{ Comments on this entry are closed }

Who Is Dyck O’Neal and Why Is He Suing Me?

Dyck O’Neal Lawsuits in Orlando, FL I was at the courthouse the other day looking at lawsuits filed in Orange County in State Court. I only looked at lawsuits filed during May 2014. There were over 100 lawsuits filed by Dyck O’Neal Inc against various defendants.  Again, this is Orange County alone.  It does not include other […]

Read the full article →

Florida to Give Aid to Underwater Homeowners

First come, first serve.  Applications open September 25, 2013 to receive up to $50,000 in aid for your underwater mortgage. http://www.orlandosentinel.com/business/os-hardest-hit-20130920,0,4470130.story Eligibility requirements include, but are not limited to, the following: Must be a Florida resident and a legal US resident/legal alien; Must occupy property as primary residence; Must be current on the monthly mortgage […]

Read the full article →

Student Loans – Ask Me How I May Be Able to Help You

I am shamelessly stealing a Tweet I saw the other day: Befriend shady people. Witness a murder. Enter witness protection & get new name. So long student loans! If you feel that is what it takes to get rid of student loans, please call me at 407-749-0080.  

Read the full article →

Chapter 13 and Your Plan Payments

Was your Chapter 13 filed in Orlando or Jacksonville Bankruptcy Court? If so, your payment plan is due within 30 days of filing your case. It does not matter if you haven’t attended your meeting of creditors yet – the trustee must receive your plan payment, and it’s your job to make sure the money is where […]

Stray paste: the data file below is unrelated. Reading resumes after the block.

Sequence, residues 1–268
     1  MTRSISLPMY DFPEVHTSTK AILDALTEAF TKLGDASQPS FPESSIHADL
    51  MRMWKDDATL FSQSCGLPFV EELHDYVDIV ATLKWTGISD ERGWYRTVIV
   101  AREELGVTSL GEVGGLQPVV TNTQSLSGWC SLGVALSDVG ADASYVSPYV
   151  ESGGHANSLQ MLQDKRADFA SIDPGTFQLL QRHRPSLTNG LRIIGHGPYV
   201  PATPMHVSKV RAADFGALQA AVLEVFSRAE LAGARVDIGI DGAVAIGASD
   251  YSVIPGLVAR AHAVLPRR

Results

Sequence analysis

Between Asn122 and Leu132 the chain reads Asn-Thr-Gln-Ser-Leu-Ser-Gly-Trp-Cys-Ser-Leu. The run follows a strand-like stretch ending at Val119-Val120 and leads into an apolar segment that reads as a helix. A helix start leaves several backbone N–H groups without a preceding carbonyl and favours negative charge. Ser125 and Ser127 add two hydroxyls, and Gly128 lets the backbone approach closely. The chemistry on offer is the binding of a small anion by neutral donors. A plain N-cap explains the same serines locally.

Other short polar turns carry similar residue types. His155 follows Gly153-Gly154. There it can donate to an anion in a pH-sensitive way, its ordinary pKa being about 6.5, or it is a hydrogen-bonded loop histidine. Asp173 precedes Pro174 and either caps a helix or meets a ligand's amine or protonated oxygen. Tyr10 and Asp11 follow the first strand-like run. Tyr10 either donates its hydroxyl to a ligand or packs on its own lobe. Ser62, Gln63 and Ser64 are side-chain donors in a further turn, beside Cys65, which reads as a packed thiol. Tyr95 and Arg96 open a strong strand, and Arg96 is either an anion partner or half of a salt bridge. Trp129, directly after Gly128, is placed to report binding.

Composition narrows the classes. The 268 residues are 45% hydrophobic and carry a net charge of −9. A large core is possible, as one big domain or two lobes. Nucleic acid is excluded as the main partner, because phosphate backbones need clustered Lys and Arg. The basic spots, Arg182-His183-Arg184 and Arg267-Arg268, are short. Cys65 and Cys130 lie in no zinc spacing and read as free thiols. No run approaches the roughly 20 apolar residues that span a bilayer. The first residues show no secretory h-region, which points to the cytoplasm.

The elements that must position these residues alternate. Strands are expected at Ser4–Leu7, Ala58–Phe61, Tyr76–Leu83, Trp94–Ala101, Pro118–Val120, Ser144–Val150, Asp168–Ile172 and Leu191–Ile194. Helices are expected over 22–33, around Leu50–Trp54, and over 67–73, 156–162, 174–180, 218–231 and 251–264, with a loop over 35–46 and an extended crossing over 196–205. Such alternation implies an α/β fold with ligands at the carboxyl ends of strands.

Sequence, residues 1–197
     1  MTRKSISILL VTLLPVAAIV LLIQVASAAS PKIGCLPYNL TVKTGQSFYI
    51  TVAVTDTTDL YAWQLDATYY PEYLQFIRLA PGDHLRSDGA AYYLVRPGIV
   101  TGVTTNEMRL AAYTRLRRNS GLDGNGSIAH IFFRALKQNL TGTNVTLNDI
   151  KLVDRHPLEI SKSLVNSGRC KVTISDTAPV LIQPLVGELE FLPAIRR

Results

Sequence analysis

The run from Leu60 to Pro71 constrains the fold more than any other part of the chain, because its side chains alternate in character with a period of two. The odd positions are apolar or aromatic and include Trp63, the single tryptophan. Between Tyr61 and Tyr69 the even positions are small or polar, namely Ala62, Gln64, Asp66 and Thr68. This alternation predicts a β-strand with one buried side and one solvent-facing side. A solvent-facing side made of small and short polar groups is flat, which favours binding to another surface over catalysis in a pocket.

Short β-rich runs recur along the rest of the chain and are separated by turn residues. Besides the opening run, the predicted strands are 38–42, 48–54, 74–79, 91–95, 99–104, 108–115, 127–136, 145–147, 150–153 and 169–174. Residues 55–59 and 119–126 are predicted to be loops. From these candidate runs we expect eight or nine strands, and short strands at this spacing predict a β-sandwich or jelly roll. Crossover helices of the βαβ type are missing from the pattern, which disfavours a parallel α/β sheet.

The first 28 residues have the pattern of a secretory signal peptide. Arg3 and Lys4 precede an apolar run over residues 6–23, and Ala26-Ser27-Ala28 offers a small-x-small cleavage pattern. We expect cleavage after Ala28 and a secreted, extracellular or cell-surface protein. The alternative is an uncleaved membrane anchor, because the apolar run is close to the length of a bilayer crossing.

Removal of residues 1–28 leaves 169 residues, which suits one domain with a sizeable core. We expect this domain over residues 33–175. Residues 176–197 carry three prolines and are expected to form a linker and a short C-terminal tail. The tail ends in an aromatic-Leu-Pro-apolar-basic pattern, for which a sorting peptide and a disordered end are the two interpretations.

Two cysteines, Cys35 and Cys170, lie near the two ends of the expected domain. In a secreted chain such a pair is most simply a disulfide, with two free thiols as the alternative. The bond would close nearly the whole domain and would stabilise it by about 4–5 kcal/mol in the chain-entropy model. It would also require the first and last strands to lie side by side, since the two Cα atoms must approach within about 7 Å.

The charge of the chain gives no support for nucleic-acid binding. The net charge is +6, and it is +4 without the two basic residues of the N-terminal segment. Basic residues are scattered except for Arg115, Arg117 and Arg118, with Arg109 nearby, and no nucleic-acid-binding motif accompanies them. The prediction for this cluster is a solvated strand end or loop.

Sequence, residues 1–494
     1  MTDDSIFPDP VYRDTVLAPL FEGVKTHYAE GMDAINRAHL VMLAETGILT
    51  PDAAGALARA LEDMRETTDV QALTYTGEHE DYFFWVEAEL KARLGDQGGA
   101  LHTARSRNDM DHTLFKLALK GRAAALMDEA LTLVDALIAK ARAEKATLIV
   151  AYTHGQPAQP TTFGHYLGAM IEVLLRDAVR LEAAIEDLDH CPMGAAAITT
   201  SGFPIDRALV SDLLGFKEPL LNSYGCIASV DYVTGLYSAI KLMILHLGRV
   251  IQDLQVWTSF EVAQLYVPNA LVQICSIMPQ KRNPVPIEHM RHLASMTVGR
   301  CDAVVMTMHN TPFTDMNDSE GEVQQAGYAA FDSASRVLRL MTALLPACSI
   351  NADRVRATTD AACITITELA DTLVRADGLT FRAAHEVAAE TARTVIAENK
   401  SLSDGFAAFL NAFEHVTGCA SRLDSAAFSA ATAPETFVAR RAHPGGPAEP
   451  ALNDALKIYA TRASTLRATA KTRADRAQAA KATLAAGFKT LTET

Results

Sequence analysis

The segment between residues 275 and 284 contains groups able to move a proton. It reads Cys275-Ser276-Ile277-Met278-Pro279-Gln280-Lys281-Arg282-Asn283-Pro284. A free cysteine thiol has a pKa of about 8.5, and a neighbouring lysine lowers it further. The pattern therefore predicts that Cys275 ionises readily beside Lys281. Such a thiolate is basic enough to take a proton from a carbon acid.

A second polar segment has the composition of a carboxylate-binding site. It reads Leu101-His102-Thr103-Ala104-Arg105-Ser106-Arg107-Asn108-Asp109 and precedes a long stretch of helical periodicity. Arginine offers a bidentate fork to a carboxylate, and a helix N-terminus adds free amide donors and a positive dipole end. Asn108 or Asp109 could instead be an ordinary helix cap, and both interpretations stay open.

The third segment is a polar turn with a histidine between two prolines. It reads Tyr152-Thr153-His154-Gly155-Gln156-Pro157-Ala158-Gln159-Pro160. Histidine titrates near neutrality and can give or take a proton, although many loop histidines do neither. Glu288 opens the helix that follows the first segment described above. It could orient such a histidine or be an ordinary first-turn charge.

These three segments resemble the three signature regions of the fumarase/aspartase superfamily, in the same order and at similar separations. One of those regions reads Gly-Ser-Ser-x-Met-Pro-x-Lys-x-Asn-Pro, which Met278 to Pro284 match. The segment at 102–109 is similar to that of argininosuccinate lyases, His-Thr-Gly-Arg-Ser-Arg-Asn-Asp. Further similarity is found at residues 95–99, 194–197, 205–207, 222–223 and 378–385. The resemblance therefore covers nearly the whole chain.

Read the full article →

Chapter 13 Bankruptcy

Chapter 13 bankruptcy in Florida can be difficult, and putting their faith in a lawyer you can trust is important. For most people in Florida, Chapter 13 involves the reorganization of finances over a period of 3-5 years, so you should have a bankruptcy attorney there with you throughout the case. If you have assets you want […]

Read the full article →

Chapter 7 Bankruptcy

Declaring Chapter 7 bankruptcy can be a way for Florida consumers to break different types of debt and start again, without the constant harassment from creditors. Most people think of Chapter 7 bankruptcy when they think of getting out of debt, and that’s because it is the most common way to end your debt problems. Most people […]

Read the full article →

Bankruptcy Alphabet: I is for Insurance

Are you sure that you have insurance coverage on your home? You may think you do. But if you are one of many people who are: behind on mortgage payments; in the middle of a short sale; going through a strategic default; or filed bankruptcy and surrendered the home you may not have the insurance […]

Read the full article →

Bankruptcy Alphabet: H is for HOA (Homeowners Association)

Yes, your HOA, or homeowners association, can foreclose on you. Yes, your HOA can get you out of your home and rent it to someone else. There is much confusion over what your homeowners association can do to you if you stop paying your dues. It gets especially tricky when someone is not paying their […]

Read the full article →

Bankruptcy Alphabet: G is for Garnishment

You’ve been garnished. Did you know that you can get it stopped immediately? By filing bankruptcy. I may even be able to help you get some of the garnished funds back! I have been successful in making creditors who have taken funds from clients’ paychecks or bank accounts return the money. But I can only get […]

Read the full article →